Irate Parents in Pa. Say Schools Use 'peeping Tom Technology'

The parents of a Pennsylvania high school student want a federal judge to bar school district personnel from switching on cameras in school-issued MacBook laptops, calling the security feature "peeping tom technology."

The parents of a Pennsylvania high school student have asked a federal judge to bar school district personnel from switching on cameras in school-issued MacBook laptops, calling the security feature "peeping tom technology."

Federal officials have also stepped up their investigation of Lower Merion School District of Ardmore, Pa., according to reports published Saturday. The Associated Press said that the FBI was exploring whether district officials broke federal wiretapping and electronic surveillance laws, while the Philadelphia Inquirer cited sources who said federal prosecutors have subpoenaed documents from school officials.

In their motion Friday, Michael and Holly Robbins of Penn Valley, Pa., asked U.S. District Court Judge Jan DuBois to issue a restraining order preventing the district from remotely activating the webcams on student notebooks. They also requested that the judge block the district from recalling the laptops from students, saying that they believe school officials will then wipe the MacBooks' hard drives to delete evidence of any camera activation.

Last week, the Robbins family sued the district, accusing it of spying on students and students' families using the MacBooks' cameras.

Two days after the lawsuit was filed, district officials said they had disabled the camera functionality of a feature designed to locate lost, missing or stolen laptops. However, that wasn't enough for the Robbins, who submitted their Friday motion on behalf of their 16-year-old son, Harriton High School student Blake Robbins.

"There can be no assurances that the School District will disable the use of the remote webcam or, once deactivated, make an internal decision to reactive the webcam," the motion argued.

Elsewhere in the motion, the Robbins labeled the camera functionality "peeping tom technology," and disputed the district's account that cameras had been activated only when a notebook was reported lost or stolen. "[Blake Robbins] was at home using a school issued laptop that was neither reported lost nor stolen when his image was captured by Defendants without his or his parents' permission and while he was at home," the motion said.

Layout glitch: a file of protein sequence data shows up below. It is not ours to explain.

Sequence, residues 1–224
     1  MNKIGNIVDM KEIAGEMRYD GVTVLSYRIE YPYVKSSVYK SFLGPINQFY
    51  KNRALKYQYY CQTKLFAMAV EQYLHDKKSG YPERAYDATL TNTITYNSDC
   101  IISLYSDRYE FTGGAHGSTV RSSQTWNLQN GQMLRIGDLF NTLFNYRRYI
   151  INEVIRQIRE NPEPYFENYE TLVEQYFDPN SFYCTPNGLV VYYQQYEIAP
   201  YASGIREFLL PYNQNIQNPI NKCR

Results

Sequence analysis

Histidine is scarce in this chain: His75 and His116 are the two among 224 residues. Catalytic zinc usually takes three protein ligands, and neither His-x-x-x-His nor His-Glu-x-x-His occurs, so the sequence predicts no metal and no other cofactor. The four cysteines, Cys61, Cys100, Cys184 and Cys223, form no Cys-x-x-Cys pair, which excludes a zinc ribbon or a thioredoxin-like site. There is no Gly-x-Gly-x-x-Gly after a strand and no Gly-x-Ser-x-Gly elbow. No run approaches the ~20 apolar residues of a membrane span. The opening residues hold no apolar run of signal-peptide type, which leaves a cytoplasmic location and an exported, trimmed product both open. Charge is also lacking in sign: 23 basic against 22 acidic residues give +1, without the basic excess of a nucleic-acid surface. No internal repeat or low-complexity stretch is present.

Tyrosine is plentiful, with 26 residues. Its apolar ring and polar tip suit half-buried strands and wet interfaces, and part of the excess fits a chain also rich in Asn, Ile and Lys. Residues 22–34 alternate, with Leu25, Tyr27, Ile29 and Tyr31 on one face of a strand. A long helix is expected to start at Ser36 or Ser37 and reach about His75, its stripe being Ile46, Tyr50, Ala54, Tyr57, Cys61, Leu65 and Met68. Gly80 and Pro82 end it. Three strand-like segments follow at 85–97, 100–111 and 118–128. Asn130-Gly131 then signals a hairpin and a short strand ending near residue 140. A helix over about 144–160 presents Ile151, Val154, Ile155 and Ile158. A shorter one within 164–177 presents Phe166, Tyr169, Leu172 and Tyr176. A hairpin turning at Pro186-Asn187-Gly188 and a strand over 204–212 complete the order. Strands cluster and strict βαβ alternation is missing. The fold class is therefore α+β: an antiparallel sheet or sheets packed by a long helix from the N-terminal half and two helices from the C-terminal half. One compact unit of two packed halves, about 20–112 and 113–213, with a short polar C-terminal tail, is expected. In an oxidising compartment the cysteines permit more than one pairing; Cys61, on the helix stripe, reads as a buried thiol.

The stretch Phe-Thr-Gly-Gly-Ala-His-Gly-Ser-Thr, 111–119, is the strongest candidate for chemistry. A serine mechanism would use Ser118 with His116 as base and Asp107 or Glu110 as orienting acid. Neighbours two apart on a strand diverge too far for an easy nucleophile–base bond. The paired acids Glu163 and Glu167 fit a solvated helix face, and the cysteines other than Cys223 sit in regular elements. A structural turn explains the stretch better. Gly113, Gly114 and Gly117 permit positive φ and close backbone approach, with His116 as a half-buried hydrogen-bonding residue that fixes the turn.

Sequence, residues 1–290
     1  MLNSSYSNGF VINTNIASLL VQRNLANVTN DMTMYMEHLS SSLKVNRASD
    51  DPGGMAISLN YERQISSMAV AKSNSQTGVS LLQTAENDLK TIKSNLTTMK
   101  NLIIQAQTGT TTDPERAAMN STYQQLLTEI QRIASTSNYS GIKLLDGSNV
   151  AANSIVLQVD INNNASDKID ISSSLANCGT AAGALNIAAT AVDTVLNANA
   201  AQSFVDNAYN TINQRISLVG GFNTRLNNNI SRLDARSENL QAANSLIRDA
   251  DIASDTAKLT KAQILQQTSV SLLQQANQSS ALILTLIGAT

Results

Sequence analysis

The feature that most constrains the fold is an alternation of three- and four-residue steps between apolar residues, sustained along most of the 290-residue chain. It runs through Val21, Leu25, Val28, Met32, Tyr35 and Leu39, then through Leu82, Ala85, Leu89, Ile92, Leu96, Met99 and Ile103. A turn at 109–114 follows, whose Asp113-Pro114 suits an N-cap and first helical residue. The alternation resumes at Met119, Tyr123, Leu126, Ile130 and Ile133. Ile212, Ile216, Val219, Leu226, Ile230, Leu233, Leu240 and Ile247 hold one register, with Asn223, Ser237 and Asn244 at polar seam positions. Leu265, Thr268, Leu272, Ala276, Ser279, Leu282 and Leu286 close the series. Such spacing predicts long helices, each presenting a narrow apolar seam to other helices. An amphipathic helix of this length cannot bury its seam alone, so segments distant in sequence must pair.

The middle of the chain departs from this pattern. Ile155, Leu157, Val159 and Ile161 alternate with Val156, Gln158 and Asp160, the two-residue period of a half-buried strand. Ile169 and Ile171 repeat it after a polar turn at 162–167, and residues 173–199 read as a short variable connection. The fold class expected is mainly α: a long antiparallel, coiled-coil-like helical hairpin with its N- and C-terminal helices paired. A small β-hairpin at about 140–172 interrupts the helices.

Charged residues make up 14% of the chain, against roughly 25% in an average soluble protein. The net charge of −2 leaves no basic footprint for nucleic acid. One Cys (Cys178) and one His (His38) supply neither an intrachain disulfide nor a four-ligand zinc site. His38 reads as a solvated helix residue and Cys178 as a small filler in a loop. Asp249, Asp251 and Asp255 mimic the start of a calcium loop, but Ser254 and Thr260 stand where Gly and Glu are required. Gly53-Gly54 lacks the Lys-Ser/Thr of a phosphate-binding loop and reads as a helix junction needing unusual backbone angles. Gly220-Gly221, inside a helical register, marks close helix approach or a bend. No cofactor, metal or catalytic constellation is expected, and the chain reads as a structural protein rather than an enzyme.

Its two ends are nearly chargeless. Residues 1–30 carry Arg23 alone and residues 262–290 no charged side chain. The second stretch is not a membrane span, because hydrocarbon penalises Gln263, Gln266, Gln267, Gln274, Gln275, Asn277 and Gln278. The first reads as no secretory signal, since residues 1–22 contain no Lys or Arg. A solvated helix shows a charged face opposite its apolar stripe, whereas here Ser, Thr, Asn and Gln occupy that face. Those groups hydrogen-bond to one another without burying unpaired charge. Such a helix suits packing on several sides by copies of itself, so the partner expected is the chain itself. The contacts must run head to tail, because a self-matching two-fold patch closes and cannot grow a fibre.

According to the original complaint, Robbins was accused by a Harriton High School assistant principal of "improper behavior in his home" and shown a photograph taken by his laptop as evidence. In an appearance on CBS' "Early Show Saturday Edition," Robbins said he was accused by the assistant principal of selling drugs and taking pills, but he claimed the pictures taken by his MacBook's camera showed him eating candy.

On Friday, Christopher McGinley, the superintendent of Lower Merion, sent another letter to district parents, acknowledging that the district had turned on laptop cameras 42 times thus far in the 2009-2010 school year. As he had earlier in the week, McGinley again said that the webcams were activated only as part of an effort to locate stolen or missing machines. Just 18 of the missing MacBooks were recovered or found after the cameras were turned on.

McGinley also said that only two members of the district's technology department have access to the theft-recovering feature, and expressly denied that the assistant principal who confronted Robbins was allowed to trigger the camera activation.

The district has hired the Philadelphia law firm Ballard Spahr LLP to represent it in the lawsuit, according to court documents. Henry Hockeimer, a partner with Ballard Spahr, will also help the district conduct a review of district policies and suggest improvements, said McGinley in his Friday letter to parents.

McGinley has admitted that students and parents were not told of the computer tracking feature or its remote camera activation capability. "There was no explicit notification that the laptop contained the security software," he said in his letter of Friday. "This notice should have been given and we regret that was not done."

In a Q&A section of the letter, McGinley said that students could mask the camera lens on their MacBooks if they wished. "There is no requirement that a student use the camera's standard webcam feature," he said. Some media reports have quoted high school students in the district as saying they had taken to slapping Post-It notes over the camera lens.

Gregg Keizer covers Microsoft, security issues, Apple, Web browsers and general technology breaking news for Computerworld . Follow Gregg on Twitter at@gkeizeror subscribe toGregg's RSS feed. His e-mail address isgkeizer@ix.netcom.com .

Read more about privacy in Computerworld's Privacy Knowledge Center.

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